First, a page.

When CD’s were totally unprotected, I was happy. I own some 400+ CD’s legally purchased. Life was pretty good. I could create custom mixes no problem, backup so that my original CD’s were never at risk of being stolen in my car, etc.
Then they started introducing different forms of copy protection. The first one I personally encounterd was one where they purposefully introduced clicks and pops in the sound and relied on Oversampling to correct for these pops and clicks and eliminate them from the playback stream so the sound would be clear when played back. Now, Oversampling was very common in home CD players but not in car or portable players. So, basically, the CD’s sounded like crap. More like FM quality playback instead of CD quality playback.
When I found that the CD I bought had this in it, I freaked. I was all worried that my players were having static problems or going bad or what not, but when I took it back to the record store to show the dudes what was happening, they explained the whole thing to me and gave me a full refund.
I have hardly purchased a store-bought CD since. And believe me, I would probably have purchased another few hundred or more music CD’s had they not pulled that crap.
Since then, I figured as long as they were selling “FM Quality” sound, I’d just say “Screw 'Em” and start recording music off of MTV and off of an ACTUAL FM RADIO. I’ve done that ever since. Yeah, it can be a pain, but it got better with the increased presence of digital recording instead of analog tape recording.
I have a portable MP3 player that records FM at up to 192kbps, while I have 3 others that record at 128kbps no sweat. So, I moved from recording to analog cassettes and ripping those to my hard drive to recording hours of FM radio and Music Videos.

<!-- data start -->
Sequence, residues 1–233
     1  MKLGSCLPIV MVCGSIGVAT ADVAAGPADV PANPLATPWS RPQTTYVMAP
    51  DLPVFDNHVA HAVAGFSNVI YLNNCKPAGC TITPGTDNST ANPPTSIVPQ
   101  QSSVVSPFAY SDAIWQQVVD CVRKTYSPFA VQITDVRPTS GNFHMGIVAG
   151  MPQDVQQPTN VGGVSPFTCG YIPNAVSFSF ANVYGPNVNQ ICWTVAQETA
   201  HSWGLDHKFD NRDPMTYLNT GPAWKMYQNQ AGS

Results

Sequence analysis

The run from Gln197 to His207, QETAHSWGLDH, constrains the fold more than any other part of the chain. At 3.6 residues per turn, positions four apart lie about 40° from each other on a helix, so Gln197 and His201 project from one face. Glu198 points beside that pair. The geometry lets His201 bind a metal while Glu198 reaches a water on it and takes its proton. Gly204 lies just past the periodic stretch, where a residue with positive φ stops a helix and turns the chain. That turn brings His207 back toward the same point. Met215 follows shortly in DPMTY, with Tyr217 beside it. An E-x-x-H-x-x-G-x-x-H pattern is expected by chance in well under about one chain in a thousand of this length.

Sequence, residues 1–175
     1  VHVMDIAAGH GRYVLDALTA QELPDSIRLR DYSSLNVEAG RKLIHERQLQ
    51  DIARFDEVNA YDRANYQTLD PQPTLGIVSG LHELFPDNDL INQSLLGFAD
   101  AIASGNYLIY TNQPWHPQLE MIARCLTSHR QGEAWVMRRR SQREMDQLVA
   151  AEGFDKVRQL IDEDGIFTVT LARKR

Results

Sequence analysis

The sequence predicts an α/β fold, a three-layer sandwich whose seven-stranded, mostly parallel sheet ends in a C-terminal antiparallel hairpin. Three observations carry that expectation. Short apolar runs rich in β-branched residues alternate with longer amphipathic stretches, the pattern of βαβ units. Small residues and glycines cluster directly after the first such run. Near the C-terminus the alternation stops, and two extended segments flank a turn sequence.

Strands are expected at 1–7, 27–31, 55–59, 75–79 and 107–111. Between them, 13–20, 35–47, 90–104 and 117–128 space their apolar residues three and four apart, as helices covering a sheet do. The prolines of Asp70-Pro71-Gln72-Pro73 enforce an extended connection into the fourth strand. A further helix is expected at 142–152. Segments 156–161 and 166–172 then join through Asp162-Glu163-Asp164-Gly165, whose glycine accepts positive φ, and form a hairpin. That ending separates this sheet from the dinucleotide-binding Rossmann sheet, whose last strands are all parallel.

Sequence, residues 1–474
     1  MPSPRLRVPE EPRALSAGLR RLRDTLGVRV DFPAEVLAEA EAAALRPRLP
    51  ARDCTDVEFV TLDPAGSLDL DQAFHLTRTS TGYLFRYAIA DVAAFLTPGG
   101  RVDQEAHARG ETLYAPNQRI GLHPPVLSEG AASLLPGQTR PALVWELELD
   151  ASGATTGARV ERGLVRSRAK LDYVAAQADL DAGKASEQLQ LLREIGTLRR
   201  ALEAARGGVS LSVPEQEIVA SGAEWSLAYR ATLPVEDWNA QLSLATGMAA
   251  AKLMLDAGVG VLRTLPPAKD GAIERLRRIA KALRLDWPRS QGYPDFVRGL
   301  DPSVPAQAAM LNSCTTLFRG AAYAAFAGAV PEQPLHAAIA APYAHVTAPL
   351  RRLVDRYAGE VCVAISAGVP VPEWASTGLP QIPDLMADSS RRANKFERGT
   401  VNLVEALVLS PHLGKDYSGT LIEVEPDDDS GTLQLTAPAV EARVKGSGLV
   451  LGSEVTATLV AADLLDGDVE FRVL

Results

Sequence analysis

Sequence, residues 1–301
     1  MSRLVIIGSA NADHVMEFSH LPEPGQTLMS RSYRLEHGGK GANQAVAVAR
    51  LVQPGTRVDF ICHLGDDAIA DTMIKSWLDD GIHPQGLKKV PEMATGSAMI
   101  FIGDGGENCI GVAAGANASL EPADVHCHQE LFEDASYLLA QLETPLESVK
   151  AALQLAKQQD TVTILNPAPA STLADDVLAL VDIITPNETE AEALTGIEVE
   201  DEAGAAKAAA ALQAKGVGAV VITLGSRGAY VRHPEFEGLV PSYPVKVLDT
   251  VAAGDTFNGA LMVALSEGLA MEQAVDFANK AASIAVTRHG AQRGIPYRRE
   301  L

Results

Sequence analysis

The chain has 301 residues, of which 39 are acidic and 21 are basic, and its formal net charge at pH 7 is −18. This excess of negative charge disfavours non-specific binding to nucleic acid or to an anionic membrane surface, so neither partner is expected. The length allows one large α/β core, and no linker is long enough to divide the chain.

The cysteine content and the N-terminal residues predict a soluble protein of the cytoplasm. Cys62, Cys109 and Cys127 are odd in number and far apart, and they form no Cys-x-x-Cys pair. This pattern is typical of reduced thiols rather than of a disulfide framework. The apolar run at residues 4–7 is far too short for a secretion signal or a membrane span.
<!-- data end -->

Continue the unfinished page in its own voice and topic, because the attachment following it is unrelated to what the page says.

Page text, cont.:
With the FM radio, I convert to WAV, chop out the songs I want and save each as individual WAV files, then re-convert to 192kbps so as not to lose much sound quality. In the case of the 192kbps source, I can’t tell the diff between the originally encoded MP3 file and the re-encoded MP3 file. With the 128kbps files, I also can’t tell the diff between when they were 128kbps and were re-encoded at 192kbps.
With Music Videos, I simply pulled the audio stream from the AVI file, saved it as a WAV and processed it like I did above, encoding to 192kbps.
I’m just doing what folks have done for decades, and all it costs me is time. Given that I’m saving at least $10 or so per disk and the fact that I can just hand-pick the songs I want or record during times when the local college stations play entire albums in one shot (they even accept requests).
So, I have hundreds of CD’s that cover most of the past, and for the few newer releases out since I stopped buying, I do the capture thing instead. So, I’m pretty well set.
If I could buy legit songs off the web that did NOT have copy protection, I think I’d fork out the 88 cents or what not that Walmart charges or the 99 cents that the iTunes Store charges, without a second look. But the copy protection is just a total pain, and so I don’t.
I’ll survive, in part because they don’t make music as good as they used to, so I don’t feel compelled to go out and get as much music as back in the day. I mean - hey - I’ve already got all my 80’s hair band compilation albums…
So yeah, maybe I’m being silly, but I’m taking a sort of mini-stand and it works for me, so for now and the foreseeable future, I’m good to go.